The question of why so many Google products are classified “beta”—and classified thusly for so long—has knocked around the tech press for some time. However, no one really seemed to know the answer, at least no one outside of Google.
Last week, the question begged for a concrete answer after someone finally took the time to do a hard count of all those betas. According to Web monitoring company Pingdom, almost half of Google’s products carry the ubiquitous “beta” tag, including Gmail, which debuted way back in the middle of our nation’s last presidential election season, April 2004.
A four-and-a-half-year-old product that’s still in beta? What gives?
I had no idea, as noted, but set about getting an answer after Pingdom determined that 22 out of Google’s 49 products are in beta, including such established stalwarts as Gmail, Google Docs and Google Finance. (Pingdom intentionally left Google Labs out of the mix.)
It turns out that Google doesn’t think about or use the word beta the way that most of the rest of us have always done … and still do. We’ll dissect that explanation in a moment, but first more about the tally.
“Everyone knows Google is fond of the beta label on its products, but we wanted some actual numbers, so we went through all of Google’s products to see how many of them are in beta,” Pingdom analyst Peter Alguacil tells me. “It turned out to be a whopping 45 percent. As far as we know, there is no other company that does this to the extent that Google does.”
From Pingdom’s blog post: “Some products you can understand why they are in beta, like Knol, Google Alerts, Custom Search, Google Chrome, etc. However, a lot of products that you wouldn’t really expect are still labeled as beta. … We’re so used to seeing the little ‘beta’ tag next to the various Google product logos that we almost don’t register it anymore. We even had to double-check that Gmail really still was in beta.”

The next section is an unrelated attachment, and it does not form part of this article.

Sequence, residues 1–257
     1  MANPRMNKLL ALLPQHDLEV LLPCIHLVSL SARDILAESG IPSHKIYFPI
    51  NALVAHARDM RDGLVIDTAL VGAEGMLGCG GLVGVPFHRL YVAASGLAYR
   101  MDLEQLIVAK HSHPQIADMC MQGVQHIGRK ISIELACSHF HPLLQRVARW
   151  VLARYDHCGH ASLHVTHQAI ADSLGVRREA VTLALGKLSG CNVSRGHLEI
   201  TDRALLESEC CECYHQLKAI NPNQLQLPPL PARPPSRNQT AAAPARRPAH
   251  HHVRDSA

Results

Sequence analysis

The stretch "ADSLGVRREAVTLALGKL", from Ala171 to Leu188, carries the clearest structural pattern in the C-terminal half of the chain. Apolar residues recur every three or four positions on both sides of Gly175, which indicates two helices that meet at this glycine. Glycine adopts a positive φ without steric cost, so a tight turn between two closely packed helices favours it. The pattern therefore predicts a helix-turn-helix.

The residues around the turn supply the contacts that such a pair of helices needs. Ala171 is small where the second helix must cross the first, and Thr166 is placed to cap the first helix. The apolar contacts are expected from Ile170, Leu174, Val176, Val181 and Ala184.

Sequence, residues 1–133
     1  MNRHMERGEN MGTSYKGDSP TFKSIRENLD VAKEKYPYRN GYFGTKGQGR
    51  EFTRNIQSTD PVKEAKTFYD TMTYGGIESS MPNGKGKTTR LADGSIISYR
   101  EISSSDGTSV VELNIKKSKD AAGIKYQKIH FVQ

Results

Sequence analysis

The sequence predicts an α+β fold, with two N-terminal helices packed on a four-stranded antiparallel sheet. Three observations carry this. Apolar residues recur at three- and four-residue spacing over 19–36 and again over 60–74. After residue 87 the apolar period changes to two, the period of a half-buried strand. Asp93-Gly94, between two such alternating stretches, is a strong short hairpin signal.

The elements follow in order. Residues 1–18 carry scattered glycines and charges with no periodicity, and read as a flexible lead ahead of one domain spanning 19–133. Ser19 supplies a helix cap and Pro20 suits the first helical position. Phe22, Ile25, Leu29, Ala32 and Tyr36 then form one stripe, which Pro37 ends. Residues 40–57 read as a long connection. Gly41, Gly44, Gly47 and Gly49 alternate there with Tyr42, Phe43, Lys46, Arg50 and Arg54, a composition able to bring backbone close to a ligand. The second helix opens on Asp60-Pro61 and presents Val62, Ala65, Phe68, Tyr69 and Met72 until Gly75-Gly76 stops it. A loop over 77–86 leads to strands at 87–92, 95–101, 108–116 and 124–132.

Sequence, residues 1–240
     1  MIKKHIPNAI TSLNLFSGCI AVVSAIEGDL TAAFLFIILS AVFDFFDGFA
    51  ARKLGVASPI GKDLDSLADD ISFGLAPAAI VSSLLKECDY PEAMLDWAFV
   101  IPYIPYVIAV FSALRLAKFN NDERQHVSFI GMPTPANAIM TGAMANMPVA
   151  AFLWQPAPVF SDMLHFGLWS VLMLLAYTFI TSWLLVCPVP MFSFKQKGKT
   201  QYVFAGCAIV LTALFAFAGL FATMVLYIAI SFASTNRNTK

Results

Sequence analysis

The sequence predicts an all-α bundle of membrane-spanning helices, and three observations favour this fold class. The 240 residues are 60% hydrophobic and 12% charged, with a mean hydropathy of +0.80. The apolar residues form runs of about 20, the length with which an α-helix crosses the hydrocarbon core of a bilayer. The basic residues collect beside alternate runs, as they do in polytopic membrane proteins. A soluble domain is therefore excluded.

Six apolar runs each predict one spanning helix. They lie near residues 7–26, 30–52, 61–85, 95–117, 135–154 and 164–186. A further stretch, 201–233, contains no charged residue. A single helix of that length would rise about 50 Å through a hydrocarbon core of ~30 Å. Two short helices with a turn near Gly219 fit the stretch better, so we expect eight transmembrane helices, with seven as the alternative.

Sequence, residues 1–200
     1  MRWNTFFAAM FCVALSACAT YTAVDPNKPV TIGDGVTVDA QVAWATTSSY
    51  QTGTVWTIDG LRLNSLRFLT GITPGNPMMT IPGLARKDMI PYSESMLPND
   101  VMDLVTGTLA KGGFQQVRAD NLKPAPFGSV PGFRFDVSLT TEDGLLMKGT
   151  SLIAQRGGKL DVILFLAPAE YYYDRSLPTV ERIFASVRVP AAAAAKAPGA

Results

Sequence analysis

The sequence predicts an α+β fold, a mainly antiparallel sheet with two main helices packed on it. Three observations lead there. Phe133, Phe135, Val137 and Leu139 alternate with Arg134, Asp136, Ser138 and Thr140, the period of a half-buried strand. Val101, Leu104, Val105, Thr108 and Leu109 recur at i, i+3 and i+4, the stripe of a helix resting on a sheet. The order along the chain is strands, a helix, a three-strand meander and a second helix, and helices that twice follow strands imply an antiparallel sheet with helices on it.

So I asked Google for an explanation. Here’s the statement I received, along with my attempt at translation.
“We have very high internal metrics our consumer products have to meet before coming out of beta.”
Excellent. Who would expect anything less from Google?
“Our teams continue to work to improve these products and provide users with an even better experience.”
As they should.
“We believe beta has a different meaning when applied to applications on the Web, where people expect continual improvements in a product. On the Web, you don’t have to wait for the next version to be on the shelf or an update to become available. Improvements are rolled out as they’re developed.”
So, people expect continual improvement in their Web applications. Gotcha. What’s that have to do with them being labeled beta?
“Rather than the packaged, stagnant software of decades past, we’re moving to a world of regular updates and constant feature refinement where applications live in the cloud.”
Ah, the cloud. They’re labeled beta because they live in the cloud? … No.
Allow me to summarize: Google has decided to strip the word “beta” of its traditional meaning, while simultaneously continuing to use it in a traditional manner, which all but assures that no one will understand what they’re trying to do.
Either that or their explanation is still in beta.
Editor’s Note: The following article is reprinted from Network World.